Whitehall has given no assurances that the Department for Education will get another CIO, after incumbent Rachel Murphy-Cooper announced her resignation yesterday.
Murphy-Cooper was appointed as interim CIO on a one year contract last October, but has left the position just 10 months into the role with a general election on the horizon.
However, a spokesman dodged CBR's question of whether it will appoint a replacement, hinting only that its IT staff have the skills to continue her digital transformation agenda.
He said: "The department is grateful for the role she has played and we continue to have the it expertise available to manage and develop our IT systems."
It now appears that Adrian Tucker, the lead Education Funding Agency (EFA) systems developer, will take over temporarily - but not under the same job title, and the uncertainty over the role comes after a string of other high-profile digital departures.
Whitehall COO Stephen Kelly announced he would be joining business software firm Sage come November, and the Cabinet Office said there was no guarantee a replacement would be found for his role.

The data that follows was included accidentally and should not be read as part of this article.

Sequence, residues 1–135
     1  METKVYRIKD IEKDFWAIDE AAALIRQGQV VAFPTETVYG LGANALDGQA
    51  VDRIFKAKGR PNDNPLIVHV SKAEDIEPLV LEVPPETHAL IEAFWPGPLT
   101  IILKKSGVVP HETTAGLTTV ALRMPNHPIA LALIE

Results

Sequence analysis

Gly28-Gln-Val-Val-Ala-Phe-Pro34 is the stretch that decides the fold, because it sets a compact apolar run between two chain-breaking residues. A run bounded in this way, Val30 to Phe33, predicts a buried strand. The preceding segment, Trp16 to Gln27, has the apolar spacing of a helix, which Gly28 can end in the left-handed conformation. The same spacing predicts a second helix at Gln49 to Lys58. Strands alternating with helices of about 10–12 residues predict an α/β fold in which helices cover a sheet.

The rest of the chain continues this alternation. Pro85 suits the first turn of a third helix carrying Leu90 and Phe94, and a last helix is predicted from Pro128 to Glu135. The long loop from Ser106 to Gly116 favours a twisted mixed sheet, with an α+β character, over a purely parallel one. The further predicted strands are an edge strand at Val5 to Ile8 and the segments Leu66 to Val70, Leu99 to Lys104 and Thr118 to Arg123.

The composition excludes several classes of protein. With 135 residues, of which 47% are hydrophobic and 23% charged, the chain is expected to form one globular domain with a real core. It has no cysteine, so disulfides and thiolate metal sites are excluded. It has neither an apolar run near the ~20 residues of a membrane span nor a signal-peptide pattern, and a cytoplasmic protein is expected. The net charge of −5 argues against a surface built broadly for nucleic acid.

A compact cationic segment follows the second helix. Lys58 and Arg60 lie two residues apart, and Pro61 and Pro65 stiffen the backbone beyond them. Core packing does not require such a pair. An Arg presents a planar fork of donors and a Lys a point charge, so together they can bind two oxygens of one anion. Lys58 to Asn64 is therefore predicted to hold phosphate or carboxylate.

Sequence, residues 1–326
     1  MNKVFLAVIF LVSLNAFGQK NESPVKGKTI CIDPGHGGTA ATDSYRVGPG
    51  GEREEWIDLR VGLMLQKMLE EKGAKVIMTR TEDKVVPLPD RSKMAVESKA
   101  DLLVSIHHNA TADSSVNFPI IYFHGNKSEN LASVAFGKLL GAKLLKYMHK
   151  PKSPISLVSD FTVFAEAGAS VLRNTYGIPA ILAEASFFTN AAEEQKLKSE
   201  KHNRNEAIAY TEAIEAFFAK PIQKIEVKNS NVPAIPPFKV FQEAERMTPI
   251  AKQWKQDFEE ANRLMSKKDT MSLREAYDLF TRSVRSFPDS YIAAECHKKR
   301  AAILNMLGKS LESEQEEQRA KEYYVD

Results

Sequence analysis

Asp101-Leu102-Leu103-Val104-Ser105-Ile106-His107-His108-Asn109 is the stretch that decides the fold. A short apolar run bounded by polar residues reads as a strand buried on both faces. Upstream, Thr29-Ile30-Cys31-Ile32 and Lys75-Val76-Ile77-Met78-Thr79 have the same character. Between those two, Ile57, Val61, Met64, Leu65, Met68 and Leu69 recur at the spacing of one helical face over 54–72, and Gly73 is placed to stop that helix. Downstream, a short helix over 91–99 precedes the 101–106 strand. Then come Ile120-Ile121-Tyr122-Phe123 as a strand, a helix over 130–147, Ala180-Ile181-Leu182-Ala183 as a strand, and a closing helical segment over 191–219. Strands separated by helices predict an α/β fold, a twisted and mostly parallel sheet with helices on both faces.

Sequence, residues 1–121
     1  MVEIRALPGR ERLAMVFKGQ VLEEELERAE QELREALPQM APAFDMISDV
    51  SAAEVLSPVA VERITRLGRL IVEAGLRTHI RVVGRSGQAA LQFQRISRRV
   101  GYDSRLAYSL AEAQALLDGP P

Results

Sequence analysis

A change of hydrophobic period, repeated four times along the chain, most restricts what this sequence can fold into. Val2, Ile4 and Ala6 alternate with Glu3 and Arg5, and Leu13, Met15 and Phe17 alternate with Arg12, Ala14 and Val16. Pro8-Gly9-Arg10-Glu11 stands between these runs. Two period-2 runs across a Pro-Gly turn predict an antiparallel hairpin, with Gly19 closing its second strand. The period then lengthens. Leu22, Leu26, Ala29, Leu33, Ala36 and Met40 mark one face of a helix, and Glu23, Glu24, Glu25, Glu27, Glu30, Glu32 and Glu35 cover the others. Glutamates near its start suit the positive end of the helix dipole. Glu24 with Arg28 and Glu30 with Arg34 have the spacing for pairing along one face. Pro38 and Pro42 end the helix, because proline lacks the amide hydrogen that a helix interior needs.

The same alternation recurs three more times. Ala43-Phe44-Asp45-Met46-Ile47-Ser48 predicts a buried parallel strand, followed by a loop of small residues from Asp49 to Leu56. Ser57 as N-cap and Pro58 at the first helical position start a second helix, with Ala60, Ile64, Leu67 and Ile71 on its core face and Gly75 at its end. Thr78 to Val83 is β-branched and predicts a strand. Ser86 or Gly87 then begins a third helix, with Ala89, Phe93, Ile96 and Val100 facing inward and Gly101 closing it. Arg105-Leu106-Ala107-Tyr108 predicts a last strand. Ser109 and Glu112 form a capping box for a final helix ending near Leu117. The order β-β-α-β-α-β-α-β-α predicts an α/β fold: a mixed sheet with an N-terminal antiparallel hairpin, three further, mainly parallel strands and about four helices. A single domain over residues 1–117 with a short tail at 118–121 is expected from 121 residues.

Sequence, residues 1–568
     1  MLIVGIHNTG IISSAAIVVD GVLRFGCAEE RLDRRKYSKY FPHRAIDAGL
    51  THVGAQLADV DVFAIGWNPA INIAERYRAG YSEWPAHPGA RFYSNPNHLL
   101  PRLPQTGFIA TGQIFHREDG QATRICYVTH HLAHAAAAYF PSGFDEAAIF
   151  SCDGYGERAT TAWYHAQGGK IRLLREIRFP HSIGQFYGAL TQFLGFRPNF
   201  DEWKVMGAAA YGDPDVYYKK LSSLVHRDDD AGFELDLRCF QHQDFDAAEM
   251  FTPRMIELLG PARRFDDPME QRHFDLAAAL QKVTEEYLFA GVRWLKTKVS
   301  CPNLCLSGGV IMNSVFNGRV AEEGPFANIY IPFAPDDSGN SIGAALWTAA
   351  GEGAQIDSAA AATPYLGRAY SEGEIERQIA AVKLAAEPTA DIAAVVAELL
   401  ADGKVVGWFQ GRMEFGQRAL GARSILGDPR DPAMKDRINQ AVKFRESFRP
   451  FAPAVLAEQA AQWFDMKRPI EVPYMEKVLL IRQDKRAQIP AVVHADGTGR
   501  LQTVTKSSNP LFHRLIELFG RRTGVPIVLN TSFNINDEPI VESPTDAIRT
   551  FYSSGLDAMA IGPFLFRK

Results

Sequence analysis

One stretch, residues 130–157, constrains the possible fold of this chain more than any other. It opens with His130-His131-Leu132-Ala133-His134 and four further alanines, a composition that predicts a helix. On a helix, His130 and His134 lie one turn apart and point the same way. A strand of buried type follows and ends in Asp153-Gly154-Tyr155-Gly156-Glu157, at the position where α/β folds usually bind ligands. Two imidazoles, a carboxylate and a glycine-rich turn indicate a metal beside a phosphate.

A Government CEO on a £200,000 salary - who will not be picked until November - will make the decision, a the Cabinet Office said.
But the COO role is already one of using digital transformation as a way to drive cost savings, and the CEO role will have a similar agenda.
Chris Pennell, public sector analyst at Ovum, told CBR the departures signal a the diminishing presence of CIOs in government.
"The trend to not replace departing CIOs like for like has been going on for a couple of years now," he said. "Generally if a replacement is sought they will be given the title of Chief Technology Officer or Chief Digital Officer.
"There is no longer a CIO council if I remember right, it has been replaced with the CTO council, we no longer have a cross government CIO, we have a CTO (Liam Maxwell).
"It will be interesting to see what the DfE do, will they take on a CIO or a CTO? My guess is that it will be a CTO role with responsibility for day to day IT devolved to either EFA or Skills Funding Agency (SFA)."
He added that he would have expected someone from the SFA to replace Murphy-Cooper, due to the similar nature of the services and support the agency provides.
Home Office CTO Denise McDonagh announced her retirement last month, though a replacement is being sought.
CTO and COO incumbents at Defra, Department of Health and Department for Work and Pensions are also either empty or soon to be vacant.
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